Traffic, albeit at the slow pace of the time, the era of the great coaching trips was just beginning, would have travelled north - south along the Great North Road, the Roman Ridge on Jeffreys plan; and to reach Leeds from Aberford the route was clearly Parlington Lane. Whether this also was a route for a commercial coach (four horse team and carriage) to Leeds is not known; certainly at this time the York - Leeds turnpike, the present A64 was a main thoroughfare. From the two plans it seems that the Lane was the access to the main entrance to Parlington, and so would have carried the Gascoignes' back and forth on their business over this lane. Other roadways over the estate do not feature except the tree straddled ancient passageway which tracks up the hill across the Deer Park and eventually connects to Wakefield Lodge, this roadway precedes the drive that later became one of the main entrances from the lodges at Hook Moor down to the Light Arch, over Parlington Lane and sweeping round to the left to the Hall. Thus we have two access routes to the hall, one along Parlington Lane and and on towards the road between Barwick and Garforth, near the modern day golf course, and a second twisting through the gnarled low trees of the ancient pathway up to the Wakefield lodge. Can we assume the route which was later to become the main access up the long driveway to the Triumphal Arch and then on to the Hall did not exist? I think we can, there was no lodge house associated with this route, Pike Lodge seems more fitting as a watch point for the Cock Beck below; poaching being a serious affair. The lodge house, inside the estate boundary walls, was not built until much later in the nineteenth century.
Thus we have a roadway, Parlington Lane, its condition not unlike the present state of surfacing, which allowed access to the Hall. At that time it is also reasonable to consider that the lodge near to Aberford was not in existence, nor the high retaining wall along the north side.
Interestingly the road, (Parlington Lane on the Jeffreys 1770 map) shows buildings on each side of the road, broadly from the Light Arch to the Dark Arch, this being the old village of Parlington, which from this evidence must have been cleared by Sir Thomas Gascoigne, towards the end of the eighteenth century. The village does not feature on the proposed plan for a canal by George Dixon in 1774, so is it reasonable to contend that the village is not shown because it had to go to suit the plans that Sir Thomas had for the estate?
Again looking at the canal concept it is clear that to achieve the waterway between the Garforth and Sturton collieries and the ongoing route to Tadcaster it would be necessary to introduce a few waggon ways to bridge the terrain along the route, a cheaper alternative to providing locks to change the level. The canal follows almost identically the 200ft contour line shown on later ordnance survey maps, hence its very circuitous route. But also and worth noting it would have been low enough in the general terrain to obtain some of the run off from rainfall, to keep the canal suitably topped up! The canal is interrupted near Aberford and a waggon way shown to the lower elevation of the north side of the Cock Beck. This change of transport type is almost on the spot of the lodge on Parlington Lane, could this be a reason for the location of the lodge, as a sentry point, built in anticipation of the proposed canal. Otherwise you might expect it to be nearer the Aberford junction.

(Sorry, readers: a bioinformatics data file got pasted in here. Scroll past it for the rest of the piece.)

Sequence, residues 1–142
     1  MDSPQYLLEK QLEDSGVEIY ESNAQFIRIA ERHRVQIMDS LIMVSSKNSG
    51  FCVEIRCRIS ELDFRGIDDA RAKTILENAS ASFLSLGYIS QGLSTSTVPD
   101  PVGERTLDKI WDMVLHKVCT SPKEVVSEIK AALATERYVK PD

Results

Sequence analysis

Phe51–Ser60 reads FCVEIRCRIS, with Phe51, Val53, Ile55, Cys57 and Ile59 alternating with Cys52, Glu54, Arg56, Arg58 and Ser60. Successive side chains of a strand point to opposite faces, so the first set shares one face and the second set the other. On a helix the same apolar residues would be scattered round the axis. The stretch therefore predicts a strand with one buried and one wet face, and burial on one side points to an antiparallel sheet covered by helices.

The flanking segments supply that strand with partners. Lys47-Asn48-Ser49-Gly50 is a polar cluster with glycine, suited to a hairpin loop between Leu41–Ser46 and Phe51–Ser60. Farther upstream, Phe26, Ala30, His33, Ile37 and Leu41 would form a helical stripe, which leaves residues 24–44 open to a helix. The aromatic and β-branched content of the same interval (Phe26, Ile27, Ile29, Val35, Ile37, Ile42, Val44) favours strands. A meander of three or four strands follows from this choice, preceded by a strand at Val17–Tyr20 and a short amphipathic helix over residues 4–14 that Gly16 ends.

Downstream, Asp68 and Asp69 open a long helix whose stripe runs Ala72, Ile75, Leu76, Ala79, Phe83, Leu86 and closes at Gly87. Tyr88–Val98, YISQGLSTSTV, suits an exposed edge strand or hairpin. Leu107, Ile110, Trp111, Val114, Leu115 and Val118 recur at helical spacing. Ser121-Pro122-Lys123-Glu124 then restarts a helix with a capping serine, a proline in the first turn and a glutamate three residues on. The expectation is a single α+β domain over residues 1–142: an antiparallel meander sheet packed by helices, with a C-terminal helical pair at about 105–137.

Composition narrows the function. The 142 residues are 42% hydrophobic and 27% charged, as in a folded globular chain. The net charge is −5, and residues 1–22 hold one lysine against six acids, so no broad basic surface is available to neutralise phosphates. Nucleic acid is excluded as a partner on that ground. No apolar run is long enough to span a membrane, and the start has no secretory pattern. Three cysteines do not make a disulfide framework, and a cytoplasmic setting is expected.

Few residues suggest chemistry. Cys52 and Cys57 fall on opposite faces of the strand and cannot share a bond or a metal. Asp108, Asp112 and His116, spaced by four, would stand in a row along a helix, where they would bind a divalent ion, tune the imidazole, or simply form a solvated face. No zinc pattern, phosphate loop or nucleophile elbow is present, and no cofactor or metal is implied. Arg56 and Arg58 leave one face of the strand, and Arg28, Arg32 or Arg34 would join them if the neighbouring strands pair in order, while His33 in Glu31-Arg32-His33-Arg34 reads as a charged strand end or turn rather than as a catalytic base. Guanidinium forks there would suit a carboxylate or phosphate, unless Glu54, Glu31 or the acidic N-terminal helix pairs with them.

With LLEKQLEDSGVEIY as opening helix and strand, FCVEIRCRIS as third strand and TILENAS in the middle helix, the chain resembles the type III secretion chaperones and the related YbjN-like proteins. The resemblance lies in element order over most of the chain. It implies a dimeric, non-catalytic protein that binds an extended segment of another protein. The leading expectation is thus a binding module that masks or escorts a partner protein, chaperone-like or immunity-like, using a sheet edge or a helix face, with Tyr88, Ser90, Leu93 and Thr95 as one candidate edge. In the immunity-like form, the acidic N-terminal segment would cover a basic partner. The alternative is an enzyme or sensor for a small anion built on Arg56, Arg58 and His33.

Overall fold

Detailed View of Parlington Hall from Dixon's Plan
Moreover, again considering the canal scheme, Parlington Lane had, south of the Hall a building, another lodge, presumably, at its entrance. Today and since 1813 or thereabouts this location has changed considerably with the introduction of the Dark Arch, by Richard Oliver Gascoigne. So that property like the village of Parlington is lost for ever! The roadway was lowered to accommodate the tunnel, so all traces of the earlier lodge must have been erased, except perhaps on the Hall side of the retaining wall, where the foundations may still exist under the fill that was introduced to re-level the garden.
We know that the canal was not built, and that idea was superseded by a waggon way from Garforth, the so called Fly line to Aberford, which eventually came to fruition but not until after the 1820's, this was later to become the railway, initially horse powered and after 1870 by steam locomotives. During the period (1774-1810), other projects were to be realised by Sir Thomas:
The Gardens House
Extensions to Parlington
The Stallion Pens
Deer Shelter in the Park
The Triumphal Arch
The driveway, through the Arch and to Cattle Lane along with entrance walls and gates
The Light Arch
The Lodges at Hook Moor and Driveway to the Hall over the Light Arch
Concluding it is reasonable to consider that with all the foregoing projects in hand during the latter part of the eighteenth century, notwithstanding external projects at Cold Hill, another model Farm, and also the untimely death of Sir Thomas's wife in 1786, a month after the birth of their only son Tom. The canal project would have been extremely expensive and taken a considerable time to complete and may have been a project too far!